Setting My Baseline for Race Across the West (RAW) Training

Update (4/15/2020): My wife and I ended up getting pregnant and having a baby so this adventure was put on hold :-P

"A journey of a thousand miles begins with a single step" -Lao Tzu

Today, I took the first step towards my big goal for 2020 - the annual 930-mile Race Across the West (RAW), which sets off every June from Oceanside, California, finishing roughly three days later for solo racers (if and) when the finish line is crossed all the way in Durango, Colorado. That's a minimum of 250 miles of bicycling each day over four states: California, Arizona, Utah, and Colorado.

Race Across the West

In 2015, I attempted the annual Race Across America (RAAM), which is 3,000 miles of bicycling within 12 days for solo racers (also 250+ miles each day, but over 12 states). Sadly, however, my rookie year was plagued with an unfortunate sequence of events which forced me to pull out of the race, coincidentally, near the finish line of RAW in Durango, Colorado.

Effectively completing RAW in 2015, I know exactly what I'm signing up for today at a minimum: non-stop blistering desert heat ranging from 90 to 120 degrees Fahrenheit for around three days, on top of sleep deprivation (roughly 1-3 hours of sleep every 24 hours) and many, many miles on the saddle. Not to mention the hundreds of hours of training before even reaching the starting line!

Monument Valley, Utah

First Steps, First: Collect Data!

My first step today on this new thousand mile journey was establishing a baseline for my training by obtaining my body weight (138.8 lbs), body fat percentage (12.1%), resting heart rate (40-45 bpm), functional threshold power (255 W), and power-to-weight ratio (4.05 W/kg).

In spite of having trained and participated in ultra-endurance bicycling events for over nine years now, oddly enough, this was the first time I actually set a formal baseline for my training and I'll use it now to structure my workouts and recovery.

I came from a running background - cross country and track & field through high school - and then went into bicycling shortly after college so I've always considered myself to be a serious athlete. But thinking about it now, I realize I never really had a professional coach or any type of formal education on how to train seriously using tools and data which are plentiful these days. In fact, I never even bothered pursuing formal training techniques even though through the years I would always hear people talking about monitoring their resting heart rate, working out in specific heart rates zones, and utilizing something called a power meter.

I've always just stuck to my guts, intuition, and the basics of what I learned through high school running: carefully building up my training (i.e. periodization), pacing myself properly, and then later on in life, proper nutrition, which I learned the hard way after bonking very badly after my first San Francisco Marathon.

Pacing, Periodization, and Proper Nutrition

I already have a lot of long miles in my legs through nine seasons of ultra-cycling so I know a thing or two about endurance pacing. In fact, my Strava stats show that I effectively biked over 25,000 miles preparing for RAAM in 2014-15, which included a 21-day bicycle ride across the same route that allowed me to qualify for RAAM.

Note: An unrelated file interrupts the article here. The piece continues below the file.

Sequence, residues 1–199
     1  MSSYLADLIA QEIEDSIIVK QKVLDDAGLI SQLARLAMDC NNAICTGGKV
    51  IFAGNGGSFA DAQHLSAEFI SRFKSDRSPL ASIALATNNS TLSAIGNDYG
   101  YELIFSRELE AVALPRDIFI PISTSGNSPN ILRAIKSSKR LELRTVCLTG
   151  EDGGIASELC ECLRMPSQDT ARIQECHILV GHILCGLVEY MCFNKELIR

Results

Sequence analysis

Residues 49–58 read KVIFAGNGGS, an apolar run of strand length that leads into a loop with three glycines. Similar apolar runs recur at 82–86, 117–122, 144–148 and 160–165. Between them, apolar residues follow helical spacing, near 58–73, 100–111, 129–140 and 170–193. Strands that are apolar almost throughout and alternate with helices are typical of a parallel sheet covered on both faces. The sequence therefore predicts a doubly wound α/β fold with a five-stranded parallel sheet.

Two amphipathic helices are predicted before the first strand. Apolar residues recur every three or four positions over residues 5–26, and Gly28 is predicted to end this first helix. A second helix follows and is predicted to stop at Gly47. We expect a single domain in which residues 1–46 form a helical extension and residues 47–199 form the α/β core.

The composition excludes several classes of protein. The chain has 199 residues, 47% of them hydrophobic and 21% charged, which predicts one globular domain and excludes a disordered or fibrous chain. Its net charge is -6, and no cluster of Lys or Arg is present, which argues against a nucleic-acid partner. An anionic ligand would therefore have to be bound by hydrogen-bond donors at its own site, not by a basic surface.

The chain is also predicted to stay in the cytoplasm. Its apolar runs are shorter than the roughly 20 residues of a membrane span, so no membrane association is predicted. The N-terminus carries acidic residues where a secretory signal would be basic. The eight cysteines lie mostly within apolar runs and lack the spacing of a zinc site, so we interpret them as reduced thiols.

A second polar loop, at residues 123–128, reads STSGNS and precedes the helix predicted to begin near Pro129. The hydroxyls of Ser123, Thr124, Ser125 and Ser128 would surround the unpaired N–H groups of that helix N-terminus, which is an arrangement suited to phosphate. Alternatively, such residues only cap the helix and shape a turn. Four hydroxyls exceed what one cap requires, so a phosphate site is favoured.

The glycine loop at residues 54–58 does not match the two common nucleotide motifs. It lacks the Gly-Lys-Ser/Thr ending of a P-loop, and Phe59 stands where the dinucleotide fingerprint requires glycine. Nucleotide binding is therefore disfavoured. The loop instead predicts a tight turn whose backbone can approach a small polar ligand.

Now I should clarify as before: I have a lot of instinctive experience, through brute force and trial-and-error over the years, with how my body feels and what it may need, but up until now I've never used anything like a Training Stress Scores (TSS) or any other metric to project, quantify, or correct my course. So this time around I'd like to try to do things more disciplined and efficiently, and perhaps in the process I will also find it to be more effective. Sounds like a fun experiment doesn't it?

Since 2015, I've also made a full transition to a whole plant-based nutrition. My whole life, I've mostly consumed a plant-based diet anyway, thanks to my mother and wife's nurturing and delicious cooking. But in recent years as my family has become more educated and informed about the health and performance benefits of a whole plant-based diet, we've all made the full commitment to better our own health and lives while sustainably supporting our one and only planet Earth.

Looking yonder over the next 12 months, though, I naturally feel a bit baffled and unequipped when it comes to structuring my training more optimally to be ready for a perfect performance come June 2020. My goal is to get as fit and fast as possible through several structured mesocycles over the next 12 months. Needless to say, I've been Googling a lot lately and I'm determined to become a great coach... for myself.

Needless to say, I'll also need an entire team surrounding me with their love, support, encouragement, experience, expertise, and patience. And this is my absolute favorite part about undertaking big endeavors like RAW - knowing it takes team work to make the dream work!

Onwards and upwards!

A21 Across America, 2014

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